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Climax: Fulfilling the Promise


 

What is the function of a Climax?

  • To bring the rising action to an end with a satisfying bang that answers “the question” of the story.

  • Questions such as:

  • Will the hero get the girl?

  • Will good triumph over evil?


  • To reward the audience for paying attention through the buildup.

  • To mark the turning point from problem to solution/resolution, which helps the reader keep track of the plot progression.

  • To be the moment of release for the audience for the suspense and tension the author built up in previous scenes.



The climax should be the most exciting moment of your story. If your climax falls short of the buildup, failing to fulfill promises made to the reader, then it will be anticlimactic. But does an anticlimax mean a failed story resolution?


Only if you did it by accident.


An Anticlimax is merely a TYPE of climax, which can be rewarding in and of itself.


Accidental anticlimax: This is a result of bad writing, or rather poor plotting. The plot and subplots could have been overly complicated so no one plotline managed to break out and make an impact on your reader, or the plot was poorly conceived and simply had no real destination. Or… the story set up promises it didn’t keep by way of fizzling out or simply not addressing a resolution to a plot with a lot of buildup (think Jon Snow’s resolution vs what he was built up to be).


The solution to the story problem could turn out to be a big “So What?” such as in “it was all a dream” type stories. The resolution to the story may come with no real influence from your protagonist such as a deus ex machina, or your protagonist could die or simply quit the story before reaching his or her goals.


Examples of Deus ex Machina Done Poorly

  • Superman. He flew around the earth counterclockwise to literally turn back time.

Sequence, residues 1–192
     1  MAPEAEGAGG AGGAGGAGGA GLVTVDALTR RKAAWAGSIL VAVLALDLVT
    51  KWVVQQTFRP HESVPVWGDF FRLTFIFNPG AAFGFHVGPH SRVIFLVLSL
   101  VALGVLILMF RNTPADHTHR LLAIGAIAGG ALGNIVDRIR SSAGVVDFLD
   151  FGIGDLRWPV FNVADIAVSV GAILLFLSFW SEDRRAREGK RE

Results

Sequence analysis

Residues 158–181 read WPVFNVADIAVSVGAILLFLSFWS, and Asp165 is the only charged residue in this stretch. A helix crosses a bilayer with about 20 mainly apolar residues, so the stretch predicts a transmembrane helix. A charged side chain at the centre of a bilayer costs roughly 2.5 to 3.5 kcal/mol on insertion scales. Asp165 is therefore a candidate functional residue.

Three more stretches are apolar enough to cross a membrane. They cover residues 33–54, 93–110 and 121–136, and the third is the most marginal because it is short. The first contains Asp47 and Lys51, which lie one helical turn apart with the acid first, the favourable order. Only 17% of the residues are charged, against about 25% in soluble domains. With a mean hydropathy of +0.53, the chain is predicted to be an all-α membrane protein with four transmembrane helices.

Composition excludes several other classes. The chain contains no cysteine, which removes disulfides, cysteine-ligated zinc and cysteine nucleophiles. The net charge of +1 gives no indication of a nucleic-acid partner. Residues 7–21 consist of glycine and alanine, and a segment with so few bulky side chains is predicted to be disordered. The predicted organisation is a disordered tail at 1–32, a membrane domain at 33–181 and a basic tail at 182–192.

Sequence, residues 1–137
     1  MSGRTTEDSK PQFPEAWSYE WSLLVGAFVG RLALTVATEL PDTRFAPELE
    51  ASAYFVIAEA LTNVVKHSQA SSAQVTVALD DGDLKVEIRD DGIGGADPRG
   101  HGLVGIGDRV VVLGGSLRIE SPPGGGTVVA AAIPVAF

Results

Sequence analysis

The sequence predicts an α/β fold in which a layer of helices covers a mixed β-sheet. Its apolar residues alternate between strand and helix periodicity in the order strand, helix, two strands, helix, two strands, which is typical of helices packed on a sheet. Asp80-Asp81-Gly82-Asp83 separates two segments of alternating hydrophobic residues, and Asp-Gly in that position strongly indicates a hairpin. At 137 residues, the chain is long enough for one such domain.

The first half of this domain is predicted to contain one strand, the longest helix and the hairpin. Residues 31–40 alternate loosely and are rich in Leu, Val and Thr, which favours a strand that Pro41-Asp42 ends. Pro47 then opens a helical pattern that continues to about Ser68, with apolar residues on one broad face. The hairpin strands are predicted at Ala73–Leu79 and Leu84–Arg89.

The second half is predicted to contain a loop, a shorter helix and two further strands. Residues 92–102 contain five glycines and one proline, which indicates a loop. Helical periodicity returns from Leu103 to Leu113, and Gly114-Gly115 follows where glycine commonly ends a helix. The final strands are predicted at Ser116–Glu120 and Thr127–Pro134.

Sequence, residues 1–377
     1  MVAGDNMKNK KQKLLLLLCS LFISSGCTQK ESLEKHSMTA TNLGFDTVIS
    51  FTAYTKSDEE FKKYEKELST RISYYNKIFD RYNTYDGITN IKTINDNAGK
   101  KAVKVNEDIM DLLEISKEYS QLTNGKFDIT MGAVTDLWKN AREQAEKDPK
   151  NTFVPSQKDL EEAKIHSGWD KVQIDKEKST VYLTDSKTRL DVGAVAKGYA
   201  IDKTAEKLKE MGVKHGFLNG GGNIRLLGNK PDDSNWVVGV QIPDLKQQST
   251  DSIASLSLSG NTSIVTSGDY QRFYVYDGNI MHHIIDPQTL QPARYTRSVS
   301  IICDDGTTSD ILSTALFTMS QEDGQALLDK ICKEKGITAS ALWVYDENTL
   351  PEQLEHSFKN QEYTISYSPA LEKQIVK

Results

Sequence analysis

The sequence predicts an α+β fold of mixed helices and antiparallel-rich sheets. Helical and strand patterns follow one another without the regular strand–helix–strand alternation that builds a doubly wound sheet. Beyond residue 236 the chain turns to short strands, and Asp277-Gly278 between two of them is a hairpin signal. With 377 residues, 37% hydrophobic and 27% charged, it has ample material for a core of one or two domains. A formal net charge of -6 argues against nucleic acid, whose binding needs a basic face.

• Lord of the Rings. The eagles.

  • War of the Worlds. The aliens just suddenly get a cold and fall over dead.

Examples of a Deus ex Machina done well

  • The Stand. Why? The hand of God does come down and solve all their problems, but this was always the only way the handful of good guys could defeat the big evil. They had to earn the intervention of God by progressing through the story in a righteous manner, suffering, and sacrificing knowingly in the service of good in the face of insurmountable evil. How to Use Deus Ex Machina like Stephen King

  • The Matrix Reloaded. Why? It is a literal god in the machine. You can’t get more meta than that.

Purposeful anticlimax: This is when the author intends an anticlimax as a matter of subversion or to send a message to the reader. These are planned and purposeful but can fail and seem accidental or even insulting to the audience if not done with care.


Below you will find a video for the Climax of Monty Python and The Holy Grail. It’s only a few minutes long but I think you can get the idea of how a purposeful anticlimax could work.


Not all climaxes and endings have to be cinema ready, grand scale battles, or confrontations with the bad guy. Some stories don’t even necessarily have bad guys in the villain sense. Some stories, like a sweet romance, might have the climax be the moment the romantic pairing reaches the turning point in the relationship that confirms, against all odds, they will be together.


Some Climax Type Examples


The Twist: As evidenced in The Sixth Sense, The Usual Suspects, and other stories that take a dramatic and unexpected turn at the end.

The Final Showdown: This is the big fight between good vs evil, the protagonist and the antagonist. You have built up to it and now it is time to deliver!

The Escape: Characters finally break free of their prisons, whether in a Shawshank Redemption sort of way or even a Mad Max Beyond Thunderdome way.

The Emotional Release: All the buildup and tension put on your character is finally expelled, often in tears. Think It's a Wonderful Life, Good Will Hunting, Lord of the Flies, or Schindler’s List...

The Speech: Your protagonist finally has it all figured out and presents their thesis to the audience and the other characters in the story. Think Jerry Maguire with the “You complete me” speech.